Home      Log In      Contacts      FAQs      INSTICC Portal
 

Keynote Lectures

Keynote Lecture
Mihaela van der Schaar, John Humphrey Plummer Professor of Machine Learning, AI, and Medicine, University of Cambridge, United Kingdom

Keynote Lecture
Krystian Mikolajczyk, Imperial College London, United Kingdom

Keynote Lecture
Tinne Tuytelaars, KU Leuven, Belgium

Image and Video Generation: A deep Learning Approach
Nicu Sebe, University of Trento, Italy

 

Keynote Lecture

Mihaela van der Schaar
John Humphrey Plummer Professor of Machine Learning, AI, and Medicine, University of Cambridge
United Kingdom
 

Brief Bio
Mihaela van der Schaar is the John Humphrey Plummer Professor of Machine Learning, Artificial Intelligence and Medicine at the University of Cambridge, a Fellow at The Alan Turing Institute in London, and a Chancellor’s Professor at UCLA.
Mihaela was elected IEEE Fellow in 2009. She has received numerous awards, including the Oon Prize on Preventative Medicine from the University of Cambridge (2018), a National Science Foundation CAREER Award (2004), 3 IBM Faculty Awards, the IBM Exploratory Stream Analytics Innovation Award, the Philips Make a Difference Award and several best paper awards, including the IEEE Darlington Award.
Mihaela’s work has also led to 35 USA patents (many widely cited and adopted in standards) and 45+ contributions to international standards for which she received 3 International ISO (International Organization for Standardization) Awards.
In 2019, she was identified by National Endowment for Science, Technology and the Arts as the most-cited female AI researcher in the UK. She was also elected as a 2019 “Star in Computer Networking and Communications” by N²Women. Her research expertise spans signal and image processing, communication networks, network science, multimedia, game theory, distributed systems, machine learning and AI.
Mihaela’s research focus is on machine learning, AI and operations research for healthcare and medicine.
In addition to leading the van der Schaar Lab, Mihaela is founder and director of the Cambridge Centre for AI in Medicine (CCAIM).


Abstract
Available soon.



 

 

Keynote Lecture

Krystian Mikolajczyk
Imperial College London
United Kingdom
 

Brief Bio
Available soon.


Abstract
Available soon.



 

 

Keynote Lecture

Tinne Tuytelaars
KU Leuven
Belgium
 

Brief Bio
Available soon.


Abstract
Available soon.



 

 

Image and Video Generation: A deep Learning Approach

Nicu Sebe
University of Trento
Italy
 

Brief Bio
Nicu Sebe is a professor in the University of Trento, Italy, where he is leading the research in the areas of multimedia information retrieval and human-computer interaction in computer vision applications. He received his PhD from the University of Leiden, The Netherlands and has been involved in the past with the University of Amsterdam, The Netherlands and the University of Illinois at Urbana-Champaign, USA. He was involved in the organization of the major conferences and workshops addressing the computer vision and human-centered aspects of multimedia information retrieval, among which as a General Co-Chair of the IEEE Automatic Face and Gesture Recognition Conference, FG 2008, ACM International Conference on Multimedia Retrieval (ICMR) 2017 and ACM Multimedia 2013. He was a program chair of ACM Multimedia 2011 and 2007, ECCV 2016, ICCV 2017 and ICPR 2020. He is a general chair of ACM Multimedia 2022 and a program chair of ECCV 2024. Currently he is the ACM SIGMM vice chair, a fellow of IAPR and a Senior member of ACM and IEEE.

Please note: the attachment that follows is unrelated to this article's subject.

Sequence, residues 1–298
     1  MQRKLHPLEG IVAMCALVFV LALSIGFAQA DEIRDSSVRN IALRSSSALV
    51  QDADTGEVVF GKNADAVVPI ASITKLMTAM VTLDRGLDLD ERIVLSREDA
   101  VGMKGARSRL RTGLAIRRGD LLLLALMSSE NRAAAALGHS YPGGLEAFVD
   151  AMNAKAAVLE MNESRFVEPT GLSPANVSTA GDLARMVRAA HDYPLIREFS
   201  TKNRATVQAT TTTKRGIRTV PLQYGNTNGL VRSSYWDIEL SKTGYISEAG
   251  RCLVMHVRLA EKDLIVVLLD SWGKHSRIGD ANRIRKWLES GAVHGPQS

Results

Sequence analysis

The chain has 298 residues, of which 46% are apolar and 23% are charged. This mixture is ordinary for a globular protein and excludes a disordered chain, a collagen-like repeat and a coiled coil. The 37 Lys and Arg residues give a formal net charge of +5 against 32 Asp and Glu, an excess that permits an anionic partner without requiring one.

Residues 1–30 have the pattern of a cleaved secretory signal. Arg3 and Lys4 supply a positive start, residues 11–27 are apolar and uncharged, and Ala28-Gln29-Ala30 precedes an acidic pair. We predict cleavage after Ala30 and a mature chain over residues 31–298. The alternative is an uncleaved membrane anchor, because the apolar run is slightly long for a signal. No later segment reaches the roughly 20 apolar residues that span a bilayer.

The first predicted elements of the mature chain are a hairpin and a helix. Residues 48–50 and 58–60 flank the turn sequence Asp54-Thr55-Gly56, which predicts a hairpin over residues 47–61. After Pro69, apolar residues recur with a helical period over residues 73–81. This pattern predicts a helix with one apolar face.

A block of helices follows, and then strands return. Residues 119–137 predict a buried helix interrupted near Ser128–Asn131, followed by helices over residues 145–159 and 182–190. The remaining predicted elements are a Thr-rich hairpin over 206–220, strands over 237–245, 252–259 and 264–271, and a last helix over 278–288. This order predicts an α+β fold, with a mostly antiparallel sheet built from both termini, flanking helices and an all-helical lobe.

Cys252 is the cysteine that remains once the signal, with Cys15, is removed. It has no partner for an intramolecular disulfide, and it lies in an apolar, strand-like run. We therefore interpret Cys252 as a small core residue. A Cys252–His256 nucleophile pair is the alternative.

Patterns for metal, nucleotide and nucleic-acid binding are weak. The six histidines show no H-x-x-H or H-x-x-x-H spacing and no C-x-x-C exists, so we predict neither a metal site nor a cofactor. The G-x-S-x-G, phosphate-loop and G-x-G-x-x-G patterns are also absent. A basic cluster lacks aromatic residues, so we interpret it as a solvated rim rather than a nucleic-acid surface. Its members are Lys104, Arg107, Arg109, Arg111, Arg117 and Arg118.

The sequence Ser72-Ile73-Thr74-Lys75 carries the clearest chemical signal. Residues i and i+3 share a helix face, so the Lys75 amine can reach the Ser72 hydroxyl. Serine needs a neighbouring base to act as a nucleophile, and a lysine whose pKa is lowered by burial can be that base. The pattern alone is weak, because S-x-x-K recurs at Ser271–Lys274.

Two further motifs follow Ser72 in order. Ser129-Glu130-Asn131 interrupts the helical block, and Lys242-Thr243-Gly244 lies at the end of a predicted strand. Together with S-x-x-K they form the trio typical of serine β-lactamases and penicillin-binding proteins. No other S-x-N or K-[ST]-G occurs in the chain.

Abstract
Video generation consists of generating a video sequence so that an object in a source image is animated according to some external information (a conditioning label or the motion of a driving video). In this talk I will present some of our recent achievements adressing these specific aspects: 1) generating facial expressions, e.g., smiles that are different from each other (e.g., spontaneous, tense, etc.) using diversity as the driving force. 2) generating videos without using any annotation or prior information about the specific object to animate. Once trained on a set of videos depicting objects of the same category (e.g. faces, human bodies), our method can be applied to any object of this class. To achieve this, we decouple appearance and motion information using a self-supervised formulation. To support complex motions, we use a representation consisting of a set of learned keypoints along with their local affine transformations. A generator network models occlusions arising during target motions and combines the appearance extracted from the source image and the motion derived from the driving video. Our solutions score best on diverse benchmarks and on a variety of object categories.



footer